Why I believe the Boohoo share price is too cheap to ignore

Compass pointing towards 'best price'
Compass pointing towards 'best price'

At first glance, the suggestion that fast fashion online retail giant boohoo.com(LSE: BOO) is a cheap stock looks absurd, especially when compared to other companies in the sector in which it operates.

Nevertheless, relative to the share price highs reached back in September (and following a near 40% fall before today), boohoo now looks a far more attractive proposition. Factor in today's full-year numbers and its ambitious growth strategy and I continue to be bullish on the disruptive Manchester-based business's prospects over the long term.

"Exceptional performance"

In the 12 months to the end of February, revenue soared 97% to just under £580m, with growth seen "across all geographies".

Having now gained 6.4m active customers, the biggest contributor to sales understandably remains the main boohoo brand. Here, revenue rose a solid 32% to £374.1m.

That said, the recent performance of the company's other brands is even more encouraging.

Thanks to its strategy of using high profile celebrities in its marketing campaigns, PrettyLittleThing contributed £181.3m in revenue -- a rise of 228%. Taking into account this "exceptional performance" and the fact that active customers climbed 128% to 3m over the year, today's announcement that the retailer will move into its own warehouse in the first half of FY19 isn't all that surprising.

Having grown its product range to 5,000 lines in the year since it was acquired, Nasty Gal also brought in £24.4m -- exceeding the company's revenue estimates for the first year.

Despite an expected fall in margin (to 52.8% from 54.6%) and "a backdrop of difficult trading in the UK", gross profit still rose 90% to £306.4m. Adjusted pre-tax profit also jumped 60% to £51m.

Looking to the future, the AIM superstar stated that there had been a "strong start" to trading in the new financial year and that group revenue growth was likely to be somewhere in the region of 35-40%. With the extension to its distribution centre now built, fit-out "on schedule", and everything due for completion by "early 2019", it really does feel like this company is only just getting started.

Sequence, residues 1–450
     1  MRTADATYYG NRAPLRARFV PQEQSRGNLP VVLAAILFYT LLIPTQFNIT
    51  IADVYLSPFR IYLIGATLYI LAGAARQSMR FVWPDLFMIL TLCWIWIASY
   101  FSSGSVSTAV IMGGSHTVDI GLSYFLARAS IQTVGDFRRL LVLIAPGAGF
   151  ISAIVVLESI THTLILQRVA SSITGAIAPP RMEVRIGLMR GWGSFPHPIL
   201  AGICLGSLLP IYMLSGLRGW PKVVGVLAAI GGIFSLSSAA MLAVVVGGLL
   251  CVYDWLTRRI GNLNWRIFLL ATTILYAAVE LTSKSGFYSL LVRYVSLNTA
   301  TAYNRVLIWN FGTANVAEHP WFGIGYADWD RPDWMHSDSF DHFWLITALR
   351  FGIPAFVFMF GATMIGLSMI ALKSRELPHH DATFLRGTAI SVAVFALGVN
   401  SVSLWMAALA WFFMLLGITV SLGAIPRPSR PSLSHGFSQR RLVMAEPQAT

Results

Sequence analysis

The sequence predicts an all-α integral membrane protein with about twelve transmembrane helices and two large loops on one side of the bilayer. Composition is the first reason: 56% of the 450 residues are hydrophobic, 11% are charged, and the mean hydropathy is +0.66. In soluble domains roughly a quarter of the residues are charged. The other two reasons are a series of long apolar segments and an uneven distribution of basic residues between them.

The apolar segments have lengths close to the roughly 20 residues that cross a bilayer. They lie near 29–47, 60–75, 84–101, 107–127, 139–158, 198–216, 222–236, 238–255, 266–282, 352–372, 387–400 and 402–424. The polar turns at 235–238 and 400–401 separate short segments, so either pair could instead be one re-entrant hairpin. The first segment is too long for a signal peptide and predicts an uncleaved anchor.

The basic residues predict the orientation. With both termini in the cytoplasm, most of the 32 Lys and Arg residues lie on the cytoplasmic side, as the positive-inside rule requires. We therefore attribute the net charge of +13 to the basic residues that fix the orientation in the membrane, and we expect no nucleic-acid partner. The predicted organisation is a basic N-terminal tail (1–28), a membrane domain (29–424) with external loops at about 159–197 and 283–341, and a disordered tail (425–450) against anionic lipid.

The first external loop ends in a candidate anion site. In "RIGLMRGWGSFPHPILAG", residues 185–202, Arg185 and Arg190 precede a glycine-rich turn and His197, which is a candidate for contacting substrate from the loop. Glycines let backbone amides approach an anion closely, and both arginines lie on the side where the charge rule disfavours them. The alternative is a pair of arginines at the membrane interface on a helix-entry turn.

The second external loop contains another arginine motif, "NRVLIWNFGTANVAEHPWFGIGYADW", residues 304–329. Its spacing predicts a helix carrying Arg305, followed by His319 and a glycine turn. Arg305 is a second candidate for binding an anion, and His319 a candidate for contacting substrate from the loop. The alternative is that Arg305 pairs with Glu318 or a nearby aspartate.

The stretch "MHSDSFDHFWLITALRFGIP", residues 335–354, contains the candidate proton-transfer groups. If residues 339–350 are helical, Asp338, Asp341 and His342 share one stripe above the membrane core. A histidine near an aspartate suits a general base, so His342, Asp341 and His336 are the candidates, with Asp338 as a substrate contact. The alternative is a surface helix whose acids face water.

One for the long term

Taking into account today's results, the 15% rise in the price of boohoo's stock in early trading this morning feels justified.

While some may begrudge the short-term impact of increased investment, joint CEOs Mahmud Kamani's and Carol Kane's strategy looks perfectly sound, particularly if it will allow the company to achieve sales growth "of at least 25% whilst maintaining a 10% EBITDA margin" over the medium term, as predicted in today's statement.

Aside from this, I'm optimisic on boohoo's chances of replicating the success of PrettyYoungThing at Nasty Gal, especially given that the latter is still relatively unknown outside of the US compared to boohoo's other brands. The fact that industry peer ASOS acts as a third party seller also means that its smaller peer can piggyback on the £5bn-cap's international growth story.

As a further incentive, boohoo's balance sheet still looks incredibly robust. Taking into account the £133m net cash position at the end of the reporting period, I wouldn't be surprised if the company considered adding more brands to its portfolio over the next few years.

The incredible share price momentum seen between 2016 and 2017 may not be repeated but, for those prepared to look beyond the initially-lofty-looking valuation, I remain convinced that boohoo still warrants serious consideration among long-term, growth-focused investors.

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Paul Summers owns shares in boohoo.com. The Motley Fool UK has recommended boohoo.com. Views expressed on the companies mentioned in this article are those of the writer and therefore may differ from the official recommendations we make in our subscription services such as Share Advisor, Hidden Winners and Pro. Here at The Motley Fool we believe that considering a diverse range of insights makes us better investors.